Carbon Monoxide Safety


Carbon Monoxide (CO) is an invisible, odorless, colorless gas created when fossil fuels (such as gasoline, wood, coal, propane, oil and methane) burn incompletely. In the home, heating and cooking are possible sources of CO. Vehicles or generators running in an attached garage could also produce dangerous levels of CO.
However, consumers can protect themselves against CO poisoning by installing CO alarms inside their homes; by properly installing, using, venting, and maintaining heating and cooking equipment; and by being cautious with vehicles or generators in attached garages.

CO is poisonous and can kill cells of the body. CO also replaces oxygen in the blood stream, leading to suffocation. Mild effects feel like the flu, while severe effects include difficulty breathing and even death. Just how sick a person can get from CO poisoning depends on many factors including: age, overall health, concentration of exposure (Measured in parts per million), and length of the exposure.
When blood carries CO rather than oxygen, the CO-carrying cells are called carboxyhemoglobin (COHb)

The best way to protect yourself from CO poisoning is to install CO alarms inside your home to provide an early warning of accumulating CO gas. However, a CO alarm is no substitute for safe practices. The best defenses against CO poisoning are safe uses of vehicles (particularly in attached garages) and proper installation, use, venting, and maintenance of household cooking and heating equipment.

Household CO alarms measure how much CO has accumulated. Currently, CO alarms sound when the concentration of CO in the air corresponds to 10% COHb level in the blood.Since 10% is at the very low end of CO poisoning, the alarm may and should sound before people feel ill or any symptoms.

  • Have everyone leave the building right away. Leave doors open as you go and shut down heating and cooking equipment
  • Use a neighbor's telephone to call 9-1-1 and report the CO alarm warning.
  • Be on the lookout for any symptoms of CO poisoning
  • Get immediate attention if anyone shows signs of CO poisoning

  • CO Alarms are no substitute for smoke alarms. Smoke alarms react to fire by-products, before CO alarms would sound. Smoke alarms give an earlier warning to fire, providing more time to escape.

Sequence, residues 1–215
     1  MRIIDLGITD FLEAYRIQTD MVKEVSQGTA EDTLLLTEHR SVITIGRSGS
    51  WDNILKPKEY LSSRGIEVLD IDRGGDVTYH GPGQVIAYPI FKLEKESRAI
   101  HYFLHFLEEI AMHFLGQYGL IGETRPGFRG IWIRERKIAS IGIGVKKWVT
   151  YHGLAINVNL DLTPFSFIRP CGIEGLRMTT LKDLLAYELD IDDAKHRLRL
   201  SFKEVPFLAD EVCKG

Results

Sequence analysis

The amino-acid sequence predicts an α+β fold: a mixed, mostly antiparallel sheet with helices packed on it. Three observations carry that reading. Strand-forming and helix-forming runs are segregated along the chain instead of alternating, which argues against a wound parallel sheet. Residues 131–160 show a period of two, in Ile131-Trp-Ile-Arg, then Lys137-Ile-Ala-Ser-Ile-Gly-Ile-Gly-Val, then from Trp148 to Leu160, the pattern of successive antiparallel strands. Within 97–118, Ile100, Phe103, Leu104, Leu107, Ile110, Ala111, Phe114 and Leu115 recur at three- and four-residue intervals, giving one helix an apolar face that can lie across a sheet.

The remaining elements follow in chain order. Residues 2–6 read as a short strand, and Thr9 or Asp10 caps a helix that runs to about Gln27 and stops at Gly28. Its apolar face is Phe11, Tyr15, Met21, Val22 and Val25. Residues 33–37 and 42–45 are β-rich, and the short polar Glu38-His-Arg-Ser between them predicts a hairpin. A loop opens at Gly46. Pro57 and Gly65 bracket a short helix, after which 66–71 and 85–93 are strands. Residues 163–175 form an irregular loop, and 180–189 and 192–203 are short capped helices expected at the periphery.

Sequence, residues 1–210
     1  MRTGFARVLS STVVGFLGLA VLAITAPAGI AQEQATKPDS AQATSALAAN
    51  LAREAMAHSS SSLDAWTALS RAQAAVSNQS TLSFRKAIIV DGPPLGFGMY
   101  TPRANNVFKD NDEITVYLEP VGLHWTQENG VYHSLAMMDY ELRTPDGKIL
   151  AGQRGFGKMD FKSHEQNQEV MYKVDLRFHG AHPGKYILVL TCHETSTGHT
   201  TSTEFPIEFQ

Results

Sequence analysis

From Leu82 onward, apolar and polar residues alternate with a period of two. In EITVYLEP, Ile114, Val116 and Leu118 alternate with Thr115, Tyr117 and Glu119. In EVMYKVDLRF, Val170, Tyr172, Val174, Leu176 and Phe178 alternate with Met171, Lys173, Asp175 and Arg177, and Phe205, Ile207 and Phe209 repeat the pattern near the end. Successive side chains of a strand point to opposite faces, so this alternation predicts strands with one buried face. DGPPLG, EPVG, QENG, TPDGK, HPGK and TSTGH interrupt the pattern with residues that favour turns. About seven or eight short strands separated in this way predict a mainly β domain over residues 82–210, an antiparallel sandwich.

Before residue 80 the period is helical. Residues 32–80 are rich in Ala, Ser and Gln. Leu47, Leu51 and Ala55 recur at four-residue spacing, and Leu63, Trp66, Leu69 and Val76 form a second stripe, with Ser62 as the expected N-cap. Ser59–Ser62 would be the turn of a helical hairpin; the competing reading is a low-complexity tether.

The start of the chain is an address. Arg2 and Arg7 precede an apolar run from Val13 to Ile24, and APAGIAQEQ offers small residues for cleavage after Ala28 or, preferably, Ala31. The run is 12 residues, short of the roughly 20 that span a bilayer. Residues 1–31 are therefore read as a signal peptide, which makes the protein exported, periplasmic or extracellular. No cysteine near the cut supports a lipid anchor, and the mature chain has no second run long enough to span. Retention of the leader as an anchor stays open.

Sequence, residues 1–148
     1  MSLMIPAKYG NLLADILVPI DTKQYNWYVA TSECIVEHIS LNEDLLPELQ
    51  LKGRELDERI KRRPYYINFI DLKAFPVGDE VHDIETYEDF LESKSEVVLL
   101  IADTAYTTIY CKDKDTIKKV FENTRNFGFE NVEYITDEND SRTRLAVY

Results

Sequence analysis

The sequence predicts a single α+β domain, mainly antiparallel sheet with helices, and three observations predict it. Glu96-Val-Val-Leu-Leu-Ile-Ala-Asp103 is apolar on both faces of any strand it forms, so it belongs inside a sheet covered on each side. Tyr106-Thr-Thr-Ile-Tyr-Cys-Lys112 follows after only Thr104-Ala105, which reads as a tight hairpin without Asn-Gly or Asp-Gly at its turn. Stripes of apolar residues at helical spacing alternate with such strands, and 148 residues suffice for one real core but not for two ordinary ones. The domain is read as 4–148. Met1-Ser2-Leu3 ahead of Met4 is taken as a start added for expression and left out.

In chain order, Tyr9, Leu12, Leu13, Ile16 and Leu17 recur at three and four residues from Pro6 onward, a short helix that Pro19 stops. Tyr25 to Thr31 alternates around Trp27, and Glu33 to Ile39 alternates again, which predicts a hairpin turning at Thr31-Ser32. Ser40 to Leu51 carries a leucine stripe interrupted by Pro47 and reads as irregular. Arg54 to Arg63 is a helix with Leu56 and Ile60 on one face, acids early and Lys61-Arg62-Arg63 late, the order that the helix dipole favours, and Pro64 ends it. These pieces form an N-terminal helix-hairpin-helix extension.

• To guard against smoke and fire, be sure that your home has working smoke alarms on every level and in or near every sleeping area.
  • Know the difference between the sound of your smoke alarms and and the sound of your CO alarm
  • Have a home escape plan for any home emergency and practice the plan with all members of your household regularly (at least twice a year)

  • If you need to warm up your vehicle, remove it from the garage immediately after starting it. Do not run a vehicle, generator, or other fueled engine or motor indoors (even if the garage doors are open)
  • If you have any symptoms of CO poisoning, have your vehicle inspected for exhaust leaks. Have fuel burning household heating appliances (fireplaces, furnaces, water heaters, wood stoves, and portable heaters) checked once a year.
  • All chimneys and chimney connectors should be inspected by a qualified technician to verify proper installation, and check for cracks, blockages, or leaks.
  • Only use barbecue grills outside. Never use them in the home or in the garage.
  • When purchasing new heating and cooking equipment, select factory-built products approved by an independent testing laboratory. DO not accept damaged equipment.
  • When purchasing an existing home, have a qualified technician evaluate the integrity of the heating and cooking systems.
  • When camping, remember to use battery powered heaters and flashlights in tents, trailers, and motor homes.
  • Boat operators should be aware that CO is emitted from any boat's exhaust. When your boat is anchored alongside other's, be aware of the effect your exhaust may have on other vessels and vice versa.


    Station 19